The future is already here. It’s just unevenly distributed
A recent discussion about bad television science fiction versus what good science fiction can be illuminates the challenge of coping with today’s technology environment in everyday organizational reality.
It started with a recent speech by Star Trek writer Ron Moore:
At his recent keynote speech at the New York Television Festival, former Star Trek writer and creator of the re-imagined Battlestar Galactica Ron Moore revealed the secret formula to writing for Trek.
He described how the writers would just insert "tech" into the scripts whenever they needed to resolve a story or plot line, then they’d have consultants fill in the appropriate words (aka technobabble) later.
"It became the solution to so many plot lines and so many stories," Moore said. "It was so mechanical that we had science consultants who would just come up with the words for us and we’d just write ‘tech’ in the script. You know, Picard would say ‘Commander La Forge, tech the tech to the warp drive.’ I’m serious. If you look at those scripts, you’ll see that."
Moore calls Star Trek’s tech "meaningless"
This triggered an excellent rant by Charlie Stross, one of today’s best science fiction authors, on his blog about Why I Hate Star Trek. Here’s the key point for me:
…I start by trying to draw a cognitive map of a culture, and then establish a handful of characters who are products of (and producers of) that culture. The culture in question differs from our own: there will be knowledge or techniques or tools that we don’t have, and these have social effects and the social effects have second order effects much as integrated circuits are useful and allow the mobile phone industry to exist and to add cheap camera chips to phones: and cheap camera chips in phones lead to happy slapping or sexting and other forms of behaviour that, thirty years ago, would have sounded science fictional. And then I have to work with characters who arise naturally from this culture and take this stuff for granted, and try and think myself inside their heads. Then I start looking for a source of conflict, and work out what cognitive or technological tools my protagonists will likely turn to to deal with it.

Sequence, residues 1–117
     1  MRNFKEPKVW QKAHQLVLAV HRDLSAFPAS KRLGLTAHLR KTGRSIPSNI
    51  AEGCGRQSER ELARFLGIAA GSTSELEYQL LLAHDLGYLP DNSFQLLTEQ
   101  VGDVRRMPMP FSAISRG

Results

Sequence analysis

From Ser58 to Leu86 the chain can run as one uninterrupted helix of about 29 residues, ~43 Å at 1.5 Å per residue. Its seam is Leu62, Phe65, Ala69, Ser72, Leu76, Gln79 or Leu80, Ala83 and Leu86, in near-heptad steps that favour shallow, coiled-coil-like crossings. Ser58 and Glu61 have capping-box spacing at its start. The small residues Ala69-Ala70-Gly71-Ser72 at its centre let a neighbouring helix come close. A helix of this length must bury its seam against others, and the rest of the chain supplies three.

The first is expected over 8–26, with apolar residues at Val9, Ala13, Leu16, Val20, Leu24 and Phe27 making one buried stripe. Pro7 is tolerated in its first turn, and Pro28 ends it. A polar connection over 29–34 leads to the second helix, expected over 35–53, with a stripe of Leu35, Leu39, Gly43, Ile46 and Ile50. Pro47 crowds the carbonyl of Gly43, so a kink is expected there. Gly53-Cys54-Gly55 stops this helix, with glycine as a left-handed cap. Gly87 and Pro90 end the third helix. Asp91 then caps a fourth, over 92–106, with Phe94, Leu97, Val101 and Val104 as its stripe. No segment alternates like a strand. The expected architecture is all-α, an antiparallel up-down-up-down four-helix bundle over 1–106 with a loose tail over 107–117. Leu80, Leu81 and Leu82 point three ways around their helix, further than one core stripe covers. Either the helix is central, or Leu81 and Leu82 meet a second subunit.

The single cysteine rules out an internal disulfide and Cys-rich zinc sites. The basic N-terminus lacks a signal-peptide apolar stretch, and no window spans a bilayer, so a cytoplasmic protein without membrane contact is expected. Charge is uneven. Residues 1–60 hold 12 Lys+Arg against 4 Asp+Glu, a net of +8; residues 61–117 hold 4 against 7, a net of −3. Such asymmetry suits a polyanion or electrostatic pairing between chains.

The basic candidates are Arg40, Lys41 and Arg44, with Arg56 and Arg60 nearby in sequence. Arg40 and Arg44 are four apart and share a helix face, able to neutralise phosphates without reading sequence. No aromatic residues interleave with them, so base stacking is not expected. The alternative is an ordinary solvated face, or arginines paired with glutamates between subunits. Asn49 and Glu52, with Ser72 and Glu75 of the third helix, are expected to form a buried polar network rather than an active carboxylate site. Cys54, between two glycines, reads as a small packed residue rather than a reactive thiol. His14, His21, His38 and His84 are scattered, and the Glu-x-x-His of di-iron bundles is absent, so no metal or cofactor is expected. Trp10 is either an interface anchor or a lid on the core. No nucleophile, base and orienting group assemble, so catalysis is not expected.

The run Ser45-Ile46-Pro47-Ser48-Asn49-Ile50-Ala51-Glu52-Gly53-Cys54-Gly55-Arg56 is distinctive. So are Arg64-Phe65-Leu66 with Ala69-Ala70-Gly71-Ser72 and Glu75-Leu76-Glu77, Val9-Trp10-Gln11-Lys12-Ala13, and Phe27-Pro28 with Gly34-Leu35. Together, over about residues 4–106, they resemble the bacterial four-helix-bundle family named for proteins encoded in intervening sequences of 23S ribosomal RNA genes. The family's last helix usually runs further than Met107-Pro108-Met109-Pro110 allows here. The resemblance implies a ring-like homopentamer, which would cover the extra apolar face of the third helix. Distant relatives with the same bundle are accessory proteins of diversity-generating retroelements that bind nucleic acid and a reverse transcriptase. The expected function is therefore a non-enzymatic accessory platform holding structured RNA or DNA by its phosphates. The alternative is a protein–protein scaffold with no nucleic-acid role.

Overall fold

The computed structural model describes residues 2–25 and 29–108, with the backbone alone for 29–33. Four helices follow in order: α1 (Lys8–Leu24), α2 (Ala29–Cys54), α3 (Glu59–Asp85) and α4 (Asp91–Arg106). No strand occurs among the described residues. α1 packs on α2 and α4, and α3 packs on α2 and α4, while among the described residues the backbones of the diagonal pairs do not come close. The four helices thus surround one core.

The biggest weakness of the entire genre is this: the protagonists don’t tell us anything interesting about the human condition under science fictional circumstances. The scriptwriters and producers have thrown away the key tool that makes SF interesting and useful in the first place, by relegating "tech" to a token afterthought rather than an integral part of plot and characterization. What they end up with is SF written for the Pointy-Haired [studio] Boss, who has an instinctive aversion to ever having to learn anything that might modify their world-view. The characters are divorced from their social and cultural context…
Why I hate Star Trek
Tue, 13 Oct 2009 11:01:45 GMT
There are two common responses to thinking about how technology impacts today’s organizations. In Pointy-Haired Boss mode, the constants of human behavior and motivation are ALL that matter. The background sets might be shinier, but it’s still just a soap opera and being in tune with human drama and politics is what separates winners and losers. In technology singularity mode, there are no people to clutter up the shiny sets. Neither of these common approaches is very useful, although both have the useful property of not requiring a great deal of thought or work. Unfortunately, it puts pointy-haired bosses at the mercy of snake-oil salesmen and marginalizes technocrats.
The third way requires that you become more comfortable operating where technology and people collide. Depending on your own background and predispositions you may need to invest time in learning more about people or technology. Both benefit if you get your experience first hand whenever possible. Second hand experience can also make a difference. That can take the form of tracking down the better case studies of organizations succeeding and failing with new technology. I would also advocate adding a dash (or more) of good science fiction, if you have a taste for fiction in general. Here are some suggested starting points:
- The Moon Is a Harsh Mistress, Heinlein, Robert A
- WWW: Wake, Sawyer, Robert J.
- Halting State, Stross, Charles
- Shockwave Rider, Brunner, John
- Little Brother, Doctorow, Cory
- True Names: And the Opening of the Cyberspace Frontier, Vinge, Vernor
- Snow Crash, Stephenson, Neal